KUWAIT CITY // The court of cassation yesterday upheld the death sentence against a Kuwaiti woman found guilty of setting fire to a wedding tent, killing at least 57 women and children.
"It's not a good decision from the judge. It's 100 per cent wrong," said Zaid al Khabbaz, a lawyer for Nasra al Enezi. Al Enezi, who was 23 years old at the time of the fire in August 2009, did not attend the hearing.
Mr al Khabbaz said when a case receives a lot of media coverage in Kuwait and the public concludes that the accused is guilty then the defendant has little chance of being found innocent in court. He said: "It's the public reaction. Everyone says she must die."
Al Enezi was found guilty of "premeditated murder and starting a fire with intent to kill" for burning a tent packed with revellers celebrating her husband's marriage to a second wife in Jahra, a tribal area about 40 kilometres west of Kuwait City.
Mr al Khabbaz said there is no information on when the sentence will be carried out, but estimated it could take between three and five years. He said he will ask the victims' families to petition the emir to reduce the penalty to a lesser punishment, such as life in prison.
An initial reaction from a relative of the victims suggests the lawyer will struggle to win their support.
"Clearly this lawyer doesn't know what it feels like to have your mother and sister-in-law burned to death," said Hayel al Shammari. "She's got what she deserved and justice was done."
None of the families of the victims will speak to the lawyer if he visits them to propose petitioning the emir for a lighter sentence, Mr al Shammari said. "He'll be kicked out if he comes to us."
"We placed our trust in our judicial system. It's one of the best in the world. We have honest, God-fearing judges, and they made sure justice was done. After the execution, she will have to face Allah's judgement, and Allah's judgement is the fairest of all," he added.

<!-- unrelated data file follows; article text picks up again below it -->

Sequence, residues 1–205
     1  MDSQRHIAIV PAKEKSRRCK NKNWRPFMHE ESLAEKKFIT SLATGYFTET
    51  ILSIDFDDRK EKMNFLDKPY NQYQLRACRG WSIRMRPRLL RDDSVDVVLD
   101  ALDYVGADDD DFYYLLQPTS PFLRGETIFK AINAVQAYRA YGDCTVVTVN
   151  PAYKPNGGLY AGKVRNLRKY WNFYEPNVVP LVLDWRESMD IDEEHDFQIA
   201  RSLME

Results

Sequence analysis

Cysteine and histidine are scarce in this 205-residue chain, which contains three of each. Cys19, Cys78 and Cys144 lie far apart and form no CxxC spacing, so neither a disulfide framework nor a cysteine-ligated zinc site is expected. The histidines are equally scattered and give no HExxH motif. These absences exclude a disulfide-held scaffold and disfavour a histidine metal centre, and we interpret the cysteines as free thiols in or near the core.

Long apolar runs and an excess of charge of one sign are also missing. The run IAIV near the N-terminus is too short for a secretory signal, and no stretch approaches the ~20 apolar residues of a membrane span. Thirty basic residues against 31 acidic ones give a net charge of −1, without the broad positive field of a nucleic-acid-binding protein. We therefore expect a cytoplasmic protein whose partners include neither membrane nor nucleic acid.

In addition to the deaths of two family members, two of Mr al Shammari's sisters were left with burns on nearly 50 per cent of their bodies and his nephew, who was four years old at the time of the fire, suffered severe burns and psychological trauma.
The fire engulfed the canvas tent in minutes, triggering a stampede for the exit where fire department employees found a pile of charred bodies. Witnesses said the intense heat caused the hair of at least one woman to burst into flames and another tried to escape the inferno by ripping through the enclosure's waxed walls with her teeth.
An Asian domestic worker said in court that she saw al Enezi pour a flammable liquid over the tent and start the fire. In an interrogation after her arrest, al Enezi said she wanted to "burn the heart" of her husband, with whom she has two children, for taking a second wife, the local press reported.
Mr al Khabbaz argued that her confession was made under duress. Her lawyers had said she should not have been charged with murder because she had not intended to kill the partygoers but only wanted to ruin the party.
The tent was erected on a small patch of land, surrounded by buildings with one small exit. The incident led to a government crackdown on illegally pitched tents during Ramadan.